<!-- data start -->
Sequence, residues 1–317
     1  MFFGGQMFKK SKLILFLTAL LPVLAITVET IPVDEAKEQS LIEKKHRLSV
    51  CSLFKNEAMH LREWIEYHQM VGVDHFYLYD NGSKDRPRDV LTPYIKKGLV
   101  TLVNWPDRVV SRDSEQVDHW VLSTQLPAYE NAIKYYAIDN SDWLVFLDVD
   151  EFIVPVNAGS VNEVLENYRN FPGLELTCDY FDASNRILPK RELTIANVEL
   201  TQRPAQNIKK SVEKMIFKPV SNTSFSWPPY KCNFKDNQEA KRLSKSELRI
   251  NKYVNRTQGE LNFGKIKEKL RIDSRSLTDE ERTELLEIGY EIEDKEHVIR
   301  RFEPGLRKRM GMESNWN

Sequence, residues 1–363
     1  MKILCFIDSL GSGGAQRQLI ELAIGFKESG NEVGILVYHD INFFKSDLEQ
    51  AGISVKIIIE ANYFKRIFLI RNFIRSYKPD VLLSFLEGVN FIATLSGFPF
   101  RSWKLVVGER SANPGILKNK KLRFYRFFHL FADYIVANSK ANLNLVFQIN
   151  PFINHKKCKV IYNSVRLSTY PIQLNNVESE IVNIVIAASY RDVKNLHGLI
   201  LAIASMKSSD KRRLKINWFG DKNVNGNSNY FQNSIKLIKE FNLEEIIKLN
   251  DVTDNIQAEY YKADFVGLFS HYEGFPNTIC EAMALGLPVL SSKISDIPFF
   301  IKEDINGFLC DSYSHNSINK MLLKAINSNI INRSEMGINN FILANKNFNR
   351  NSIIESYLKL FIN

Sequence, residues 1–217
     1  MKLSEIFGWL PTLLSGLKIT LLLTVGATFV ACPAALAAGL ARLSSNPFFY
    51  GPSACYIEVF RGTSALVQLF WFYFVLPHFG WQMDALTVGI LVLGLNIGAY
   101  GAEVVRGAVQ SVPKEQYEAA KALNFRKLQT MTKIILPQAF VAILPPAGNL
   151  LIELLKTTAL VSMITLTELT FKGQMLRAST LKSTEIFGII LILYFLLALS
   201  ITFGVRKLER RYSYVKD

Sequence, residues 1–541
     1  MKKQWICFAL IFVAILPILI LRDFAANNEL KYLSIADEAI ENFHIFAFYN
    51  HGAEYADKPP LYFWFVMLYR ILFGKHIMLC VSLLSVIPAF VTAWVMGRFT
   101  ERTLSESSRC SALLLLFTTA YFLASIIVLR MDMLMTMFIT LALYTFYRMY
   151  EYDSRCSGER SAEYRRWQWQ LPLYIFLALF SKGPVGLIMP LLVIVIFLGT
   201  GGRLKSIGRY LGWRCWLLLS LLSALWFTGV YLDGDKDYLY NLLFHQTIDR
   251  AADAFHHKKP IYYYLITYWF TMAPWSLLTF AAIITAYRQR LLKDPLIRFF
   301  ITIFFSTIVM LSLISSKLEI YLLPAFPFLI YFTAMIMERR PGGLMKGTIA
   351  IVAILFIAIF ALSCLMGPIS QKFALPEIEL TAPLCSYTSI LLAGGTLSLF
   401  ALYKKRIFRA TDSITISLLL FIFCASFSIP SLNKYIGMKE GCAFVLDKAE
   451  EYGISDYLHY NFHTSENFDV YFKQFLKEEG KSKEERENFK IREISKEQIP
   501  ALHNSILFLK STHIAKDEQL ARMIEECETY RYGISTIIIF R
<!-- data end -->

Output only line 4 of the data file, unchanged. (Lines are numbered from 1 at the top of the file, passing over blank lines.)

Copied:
   101  TLVNWPDRVV SRDSEQVDHW VLSTQLPAYE NAIKYYAIDN SDWLVFLDVD